Ansible RHCE Ansible Series

RHCE Ansible Series #5: Ansible Loops

This is the fifth chapter of RHCE Ansible EX 294 exam preparation series. And in this, you'll learn about using loops in Ansible.

Ahmed Alkabary
Ahmed Alkabary

Table of Contents

You may sometimes want to repeat a task multiple times. For example, you may want to create multiple users, start/stop multiple services, or change ownership on several files on your managed hosts.

In this tutorial, you will learn how to use Ansible loops to repeat a task multiple times without having to rewrite the whole task over and over again.

Before you look at loops in Ansible, I hope you have followed other chapters in this Ansible tutorial series. You should know the concept of Ansible playbooks, aware of the ad-hoc commands and know the basic terminology associated with Ansible like list, dictionaries etc.

Knowing the basics of YAML is also appreciated.

Looping over lists

Ansible uses the keywords loop to iterate over the elements of a list. To demonstrate, let’s create a very simple playbook named print-list.yml that shows you how to print the elements in a list:

[[email protected] plays]$ cat print-list.yml 
---
- name: print list
  hosts: node1
  vars:
    prime: [2,3,5,7,11]
  tasks:
    - name: Show first five prime numbers
      debug:
        msg: "{{ item }}"
      loop: "{{ prime }}"

Notice that I use the item variable with Ansible loops. The task would run five times which is equal to the number of elements in the prime list.

On the first run, the item variable will be set to first element in the prime array (2). On the second run, the item variable will be set to the second element in the prime array (3) and so on.

Go ahead and run the playbook to see all the elements of the prime list displayed:

[[email protected] plays]$ ansible-playbook print-list.yml 

PLAY [print list] **************************************************************

TASK [Gathering Facts] *********************************************************
ok: [node1]

TASK [Show first five prime numbers] *******************************************
ok: [node1] => (item=2) => {
    "msg": 2
}
ok: [node1] => (item=3) => {
    "msg": 3
}
ok: [node1] => (item=5) => {
    "msg": 5
}
ok: [node1] => (item=7) => {
    "msg": 7
}
ok: [node1] => (item=11) => {
    "msg": 11
}

PLAY RECAP *********************************************************************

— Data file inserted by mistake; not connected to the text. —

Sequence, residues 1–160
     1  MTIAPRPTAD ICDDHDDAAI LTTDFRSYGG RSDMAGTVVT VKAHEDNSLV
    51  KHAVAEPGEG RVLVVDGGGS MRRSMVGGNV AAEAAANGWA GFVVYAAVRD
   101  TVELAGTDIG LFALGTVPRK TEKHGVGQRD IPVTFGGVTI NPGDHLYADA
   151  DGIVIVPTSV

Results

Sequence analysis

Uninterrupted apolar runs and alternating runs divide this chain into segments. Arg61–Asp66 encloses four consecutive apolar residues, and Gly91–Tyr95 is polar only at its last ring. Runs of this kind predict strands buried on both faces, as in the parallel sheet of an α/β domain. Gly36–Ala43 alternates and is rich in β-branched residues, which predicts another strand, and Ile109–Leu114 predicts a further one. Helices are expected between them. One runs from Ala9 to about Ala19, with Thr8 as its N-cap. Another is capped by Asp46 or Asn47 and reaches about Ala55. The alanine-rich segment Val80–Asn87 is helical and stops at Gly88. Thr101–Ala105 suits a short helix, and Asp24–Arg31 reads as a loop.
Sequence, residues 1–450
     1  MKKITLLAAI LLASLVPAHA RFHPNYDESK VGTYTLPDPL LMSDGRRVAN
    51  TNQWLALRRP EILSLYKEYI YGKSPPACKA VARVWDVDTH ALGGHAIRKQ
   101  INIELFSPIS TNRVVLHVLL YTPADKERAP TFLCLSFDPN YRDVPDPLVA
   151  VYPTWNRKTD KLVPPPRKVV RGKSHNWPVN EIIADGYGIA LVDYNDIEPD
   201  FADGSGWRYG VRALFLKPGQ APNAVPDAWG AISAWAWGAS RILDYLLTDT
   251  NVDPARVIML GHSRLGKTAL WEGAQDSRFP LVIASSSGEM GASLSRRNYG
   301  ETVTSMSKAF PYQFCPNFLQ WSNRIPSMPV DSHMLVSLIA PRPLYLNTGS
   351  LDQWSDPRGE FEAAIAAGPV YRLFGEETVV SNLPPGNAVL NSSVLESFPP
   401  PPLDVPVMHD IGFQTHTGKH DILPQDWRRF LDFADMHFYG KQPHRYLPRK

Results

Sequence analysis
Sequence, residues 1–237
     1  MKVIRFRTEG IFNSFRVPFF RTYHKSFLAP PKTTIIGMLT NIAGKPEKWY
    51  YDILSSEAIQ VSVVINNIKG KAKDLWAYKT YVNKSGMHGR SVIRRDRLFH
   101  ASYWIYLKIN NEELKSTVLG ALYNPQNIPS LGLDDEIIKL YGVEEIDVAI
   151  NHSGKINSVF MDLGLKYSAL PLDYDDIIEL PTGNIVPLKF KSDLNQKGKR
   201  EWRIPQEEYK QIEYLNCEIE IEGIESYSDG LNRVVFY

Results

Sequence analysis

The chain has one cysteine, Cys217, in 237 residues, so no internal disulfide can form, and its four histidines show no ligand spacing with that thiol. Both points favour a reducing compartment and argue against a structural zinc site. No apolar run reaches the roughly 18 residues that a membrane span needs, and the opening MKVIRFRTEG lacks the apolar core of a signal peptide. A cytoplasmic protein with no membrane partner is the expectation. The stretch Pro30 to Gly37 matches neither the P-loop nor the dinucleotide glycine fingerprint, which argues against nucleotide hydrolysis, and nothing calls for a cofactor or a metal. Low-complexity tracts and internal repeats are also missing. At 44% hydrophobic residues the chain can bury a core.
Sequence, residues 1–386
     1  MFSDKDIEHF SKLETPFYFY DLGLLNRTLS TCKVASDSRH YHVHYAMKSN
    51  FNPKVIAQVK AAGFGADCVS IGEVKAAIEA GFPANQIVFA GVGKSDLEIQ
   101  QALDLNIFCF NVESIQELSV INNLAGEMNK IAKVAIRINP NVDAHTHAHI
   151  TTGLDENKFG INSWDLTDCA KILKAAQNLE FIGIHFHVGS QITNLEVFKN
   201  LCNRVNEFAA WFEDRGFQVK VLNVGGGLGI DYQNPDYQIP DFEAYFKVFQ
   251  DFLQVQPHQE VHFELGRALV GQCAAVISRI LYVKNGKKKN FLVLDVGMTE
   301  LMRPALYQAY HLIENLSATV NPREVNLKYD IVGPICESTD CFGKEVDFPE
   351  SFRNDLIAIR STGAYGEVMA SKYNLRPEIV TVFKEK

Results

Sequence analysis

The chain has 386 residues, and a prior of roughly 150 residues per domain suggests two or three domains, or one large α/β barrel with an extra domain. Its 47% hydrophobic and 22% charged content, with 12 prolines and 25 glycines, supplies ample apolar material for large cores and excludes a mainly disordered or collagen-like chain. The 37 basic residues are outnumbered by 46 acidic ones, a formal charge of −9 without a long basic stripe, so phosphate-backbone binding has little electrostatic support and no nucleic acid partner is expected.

node1                      : ok=2    changed=0    unreachable=0    failed=0

Now you apply loops to a real life application. For example, you can create an add-users.yml playbook that would add multiple users on all the hosts in the dbservers group:

[[email protected] plays]$ cat add-users.yml 
---
- name: Add multiple users
  hosts: dbservers
  vars:
    dbusers:
      - username: brad
        pass: pass1
      - username: david
        pass: pass2
      - username: jason
        pass: pass3
  tasks: 
    - name: Add users
      user:
        name: "{{ item.username }}"
        password: "{{ item.pass | password_hash('sha512') }}"
      loop: "{{ dbusers }}"

I first created a dbusers list which is basically a list of hashes/dictionaries. I then used the user module along with a loop to add the users and set the passwords for all users in the dbusers list.

Notice that I also used the dotted notation item.username and item.pass to access the keys values inside the hashes/dictionaries of the dbusers list.

It is also worth noting that I used the password_hash('sha512') filter to encrypt the user passwords with the sha512 hashing algorithm as the user module wouldn’t allow setting unencrypted user passwords.

RHCE Exam Tip: You will have access to the docs.ansible.com page on your exam. It a very valuable resource, especially under the “Frequently Asked Questions” section; you will find numerous How-to questions with answers and explanations.

Now let’s run the add-users.yml playbook:

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